Cop27 bulletin: Tensions finally surface

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The EU's Frans Timmermans makes his play in the Cop27 plenary, Sharm el-Sheikh, Egypt (Pic: IISD/ENB | Mike Muzurakis)


At 11pm on the penultimate day of scheduled talks, political tensions finally surfaced in a plenary

The EU’s offer on loss and damage went down well with vulnerable countries and most other rich nations. China and Gulf states pushed back, while the US kept quiet.

Frans Timmermans set it out: the EU would support a new fund if it had a “broad donor base” and looked into innovative sources of finance like levies on aviation, shipping and fossil fuels.

Pakistan’s ambassador Nabeel Munir said it was “good news”.

The Maldives environment minister Shauna Aminath said she was “heartened by the good will in the room” and Barbados’ representative acknowledged the EU’s “movement”.

Resistance came from those Timmermans wants to put their hands in their pockets through his “broad donor base”.

China’s representative said “this is the time that we should implement the Paris Agreement and not the time to rewrite the convention”.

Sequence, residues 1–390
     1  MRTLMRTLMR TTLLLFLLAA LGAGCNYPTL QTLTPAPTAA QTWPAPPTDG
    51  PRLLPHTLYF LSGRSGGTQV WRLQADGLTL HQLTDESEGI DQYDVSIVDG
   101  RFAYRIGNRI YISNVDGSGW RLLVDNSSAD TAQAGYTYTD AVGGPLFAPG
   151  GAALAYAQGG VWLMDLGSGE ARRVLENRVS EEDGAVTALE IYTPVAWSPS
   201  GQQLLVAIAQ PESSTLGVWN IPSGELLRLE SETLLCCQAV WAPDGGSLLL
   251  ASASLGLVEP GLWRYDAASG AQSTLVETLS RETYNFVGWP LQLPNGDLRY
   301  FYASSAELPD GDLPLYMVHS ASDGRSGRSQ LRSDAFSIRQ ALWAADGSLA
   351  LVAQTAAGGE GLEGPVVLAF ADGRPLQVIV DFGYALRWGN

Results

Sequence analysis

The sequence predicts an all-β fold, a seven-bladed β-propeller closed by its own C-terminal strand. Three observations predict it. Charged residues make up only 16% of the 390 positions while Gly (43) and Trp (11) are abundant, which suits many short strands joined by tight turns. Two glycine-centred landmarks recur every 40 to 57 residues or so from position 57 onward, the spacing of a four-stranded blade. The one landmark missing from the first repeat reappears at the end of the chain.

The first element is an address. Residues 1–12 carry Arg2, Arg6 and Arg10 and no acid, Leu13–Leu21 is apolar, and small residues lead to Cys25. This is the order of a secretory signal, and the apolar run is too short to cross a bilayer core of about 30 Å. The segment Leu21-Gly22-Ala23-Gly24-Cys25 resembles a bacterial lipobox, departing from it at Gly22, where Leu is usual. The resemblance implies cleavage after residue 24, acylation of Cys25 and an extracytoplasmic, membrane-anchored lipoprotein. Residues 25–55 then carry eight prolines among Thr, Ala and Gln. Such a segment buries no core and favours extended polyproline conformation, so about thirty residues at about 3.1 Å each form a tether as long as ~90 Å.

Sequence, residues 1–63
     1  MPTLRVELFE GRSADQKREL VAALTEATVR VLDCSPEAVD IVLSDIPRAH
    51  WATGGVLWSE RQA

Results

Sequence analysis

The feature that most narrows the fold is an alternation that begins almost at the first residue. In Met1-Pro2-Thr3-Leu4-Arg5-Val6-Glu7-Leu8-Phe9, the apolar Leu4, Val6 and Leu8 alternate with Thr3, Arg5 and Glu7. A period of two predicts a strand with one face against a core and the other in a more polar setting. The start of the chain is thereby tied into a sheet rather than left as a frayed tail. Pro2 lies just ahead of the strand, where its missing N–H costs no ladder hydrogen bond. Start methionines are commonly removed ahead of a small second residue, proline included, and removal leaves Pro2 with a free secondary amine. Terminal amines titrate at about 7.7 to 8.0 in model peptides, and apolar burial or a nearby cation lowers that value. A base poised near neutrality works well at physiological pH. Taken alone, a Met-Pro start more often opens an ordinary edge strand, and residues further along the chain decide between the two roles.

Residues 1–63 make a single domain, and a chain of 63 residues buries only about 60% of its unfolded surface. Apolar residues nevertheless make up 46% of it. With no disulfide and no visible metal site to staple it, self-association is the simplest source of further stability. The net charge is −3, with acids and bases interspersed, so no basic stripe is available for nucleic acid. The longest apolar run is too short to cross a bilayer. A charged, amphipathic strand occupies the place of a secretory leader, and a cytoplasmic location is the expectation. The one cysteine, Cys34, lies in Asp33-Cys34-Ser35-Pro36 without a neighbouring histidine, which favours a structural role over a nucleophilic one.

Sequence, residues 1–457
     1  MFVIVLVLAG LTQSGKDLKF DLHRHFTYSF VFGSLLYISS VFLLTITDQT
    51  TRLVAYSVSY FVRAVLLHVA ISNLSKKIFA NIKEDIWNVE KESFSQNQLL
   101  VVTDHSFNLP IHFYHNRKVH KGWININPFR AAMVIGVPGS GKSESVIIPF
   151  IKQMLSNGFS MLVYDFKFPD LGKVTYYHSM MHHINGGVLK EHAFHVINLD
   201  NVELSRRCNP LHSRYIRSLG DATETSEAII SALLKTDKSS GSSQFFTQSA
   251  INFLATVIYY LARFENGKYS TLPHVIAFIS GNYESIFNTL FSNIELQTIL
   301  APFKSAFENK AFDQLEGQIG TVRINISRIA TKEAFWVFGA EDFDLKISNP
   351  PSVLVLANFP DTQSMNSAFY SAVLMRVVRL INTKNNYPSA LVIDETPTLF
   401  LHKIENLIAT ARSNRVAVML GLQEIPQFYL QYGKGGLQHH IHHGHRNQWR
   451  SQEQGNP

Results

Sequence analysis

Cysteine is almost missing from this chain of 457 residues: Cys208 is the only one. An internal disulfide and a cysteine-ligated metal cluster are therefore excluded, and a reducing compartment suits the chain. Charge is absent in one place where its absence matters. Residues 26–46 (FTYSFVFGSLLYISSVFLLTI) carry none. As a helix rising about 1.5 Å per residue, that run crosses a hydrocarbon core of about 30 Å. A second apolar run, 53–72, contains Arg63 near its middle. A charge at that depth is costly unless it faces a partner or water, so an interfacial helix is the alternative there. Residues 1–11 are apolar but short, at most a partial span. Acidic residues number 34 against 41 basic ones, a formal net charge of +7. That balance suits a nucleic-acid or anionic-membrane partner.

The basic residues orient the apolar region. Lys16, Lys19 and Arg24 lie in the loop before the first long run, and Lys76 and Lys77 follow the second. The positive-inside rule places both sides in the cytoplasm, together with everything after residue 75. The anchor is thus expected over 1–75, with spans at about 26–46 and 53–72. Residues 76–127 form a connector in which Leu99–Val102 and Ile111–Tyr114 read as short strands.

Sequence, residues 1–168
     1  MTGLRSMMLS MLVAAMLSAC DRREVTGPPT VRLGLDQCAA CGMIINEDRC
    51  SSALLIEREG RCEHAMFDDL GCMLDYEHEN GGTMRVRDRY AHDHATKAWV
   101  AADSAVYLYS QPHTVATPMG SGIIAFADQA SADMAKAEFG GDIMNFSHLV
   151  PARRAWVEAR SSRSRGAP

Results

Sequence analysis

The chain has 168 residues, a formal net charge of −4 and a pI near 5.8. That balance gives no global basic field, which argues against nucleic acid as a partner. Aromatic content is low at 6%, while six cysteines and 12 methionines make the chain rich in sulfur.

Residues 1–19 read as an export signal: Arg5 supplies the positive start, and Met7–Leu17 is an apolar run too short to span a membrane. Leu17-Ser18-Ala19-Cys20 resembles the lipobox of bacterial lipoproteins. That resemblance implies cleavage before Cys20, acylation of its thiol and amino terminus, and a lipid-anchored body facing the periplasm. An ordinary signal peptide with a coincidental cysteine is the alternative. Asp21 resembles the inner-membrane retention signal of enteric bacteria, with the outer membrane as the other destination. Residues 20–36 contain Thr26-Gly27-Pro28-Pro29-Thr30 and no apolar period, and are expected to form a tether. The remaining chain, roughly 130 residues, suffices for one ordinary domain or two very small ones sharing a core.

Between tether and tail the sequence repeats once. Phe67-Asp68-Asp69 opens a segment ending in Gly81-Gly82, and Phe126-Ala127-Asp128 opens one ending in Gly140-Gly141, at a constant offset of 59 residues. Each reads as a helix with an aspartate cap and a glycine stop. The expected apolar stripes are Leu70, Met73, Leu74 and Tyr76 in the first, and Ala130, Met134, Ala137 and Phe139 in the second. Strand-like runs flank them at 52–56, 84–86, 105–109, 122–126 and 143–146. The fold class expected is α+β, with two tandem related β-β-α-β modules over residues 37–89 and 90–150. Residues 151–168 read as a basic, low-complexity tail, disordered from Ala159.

That’s a reference to the UNFCCC’s classification of developed and developing countries based on how rich they were in 1992.

Under the UN’s rules, the former are supposed to pay climate finance while the latter receive it.

But China has changed a lot since 1992. The average Chinese person is four times more polluting and 34 times richer.

Based on current and historic emissions and level of development, Gulf nations would be on the hook too.

On behalf of the Arab Group, the Saudi representative echoed China’s line on the convention, adding it was important to avoid “unfamiliar technologies and classifications and references and scopes”.

On the developed side, the EU was backed up by the Brits, Aussies, Norwegians and Swiss.

The US has been resolutely opposed to a loss and damage fund. Can it bend if China pays?

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Movement on mitigation

A new draft text on the “mitigation work programme” has been released which contains seven areas of disagreement in its five pages.